We are not divine in the way the Trinity is divine. There is only one God. We are children of God and our souls will be with him in the afterlife if we accept him as saviour. That is immortality, which is different from being divine. Jesus stands at each of our hearts and knocks, and we have the choice of inviting him in to dwell with us, or of rejecting him. If we have him dwelling in us, we feel him with us throughout our waking moments - and he may communicate with us during our sleeping moments. It is like a continuous prayer, talking with our heavenly father through the grace of Jesus. With God within, we feel truly free and truly normal, perhaps for the first time in our lives - a strange statistic but one that many can attest to. Itís analogous to having a nurse for our bodily health needs, but God meets our spiritual needs, and will meet all our needs if we ask him and if they are in line with his purpose. He hears our every word of prayer, and always answers, so formulate your prayers with care and precision. If he does not respond, this is still an answer. If your child asked for heroin and you did not give it, you have well responded We donít ask for material things, but we can ask for wisdom and guidance which can benefit us in material ways. He wants us to be supremely happy, so that we can help him fulfill his purpose here. In formulating prayers, remember that child of God who has no food and no money to buy it will not be very happy, and will not be able to fulfill anyoneís purpose, let alone Godís.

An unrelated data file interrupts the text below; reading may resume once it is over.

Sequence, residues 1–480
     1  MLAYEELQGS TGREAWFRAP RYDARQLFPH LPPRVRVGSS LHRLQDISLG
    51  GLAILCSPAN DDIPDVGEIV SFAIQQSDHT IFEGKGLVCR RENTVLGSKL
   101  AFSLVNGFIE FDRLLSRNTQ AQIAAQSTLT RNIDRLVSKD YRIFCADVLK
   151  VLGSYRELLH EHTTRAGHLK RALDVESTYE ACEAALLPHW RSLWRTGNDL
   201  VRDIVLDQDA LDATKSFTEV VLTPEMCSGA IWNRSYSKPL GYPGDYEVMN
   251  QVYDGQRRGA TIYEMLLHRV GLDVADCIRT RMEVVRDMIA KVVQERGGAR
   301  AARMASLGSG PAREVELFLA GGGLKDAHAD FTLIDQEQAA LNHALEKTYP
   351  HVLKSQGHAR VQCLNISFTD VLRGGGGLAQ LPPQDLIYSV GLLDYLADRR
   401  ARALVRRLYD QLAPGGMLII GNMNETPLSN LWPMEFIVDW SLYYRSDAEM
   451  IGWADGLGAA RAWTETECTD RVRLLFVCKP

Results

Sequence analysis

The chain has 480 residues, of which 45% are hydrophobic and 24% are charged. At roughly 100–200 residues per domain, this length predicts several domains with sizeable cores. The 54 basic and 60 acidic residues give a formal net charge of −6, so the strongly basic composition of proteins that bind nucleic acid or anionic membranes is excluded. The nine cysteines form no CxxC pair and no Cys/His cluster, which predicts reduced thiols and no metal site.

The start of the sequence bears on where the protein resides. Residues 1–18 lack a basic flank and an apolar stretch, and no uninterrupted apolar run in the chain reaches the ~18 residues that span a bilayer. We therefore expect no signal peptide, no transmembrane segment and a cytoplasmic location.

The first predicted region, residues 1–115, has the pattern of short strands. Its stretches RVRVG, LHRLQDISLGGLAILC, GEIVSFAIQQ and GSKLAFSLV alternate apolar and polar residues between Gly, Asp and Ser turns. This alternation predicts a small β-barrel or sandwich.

3. Is God primarily transcendent and only secondarily immanent?
God invites us to let him in, that he dwell in us. I like to think of this as a hologram: there is a representation of God in my heart (once I have invited him in) that, given the technology, has the necessary data to describe God in the universe. He made us in his image, and it is not stated that this is a physical image only.

As a reflection of this, we are also invited to dwell in God - again: our choice. He created us and loves us no less than he asks us to love him, so he has us in his heart. This does not make us divine any more than it makes him mortal, but it enhances the possibilities for communication. We are children of God. As parents of our own children, we keep them perpetually in our hearts whatever they may do, say, become; we have no choice.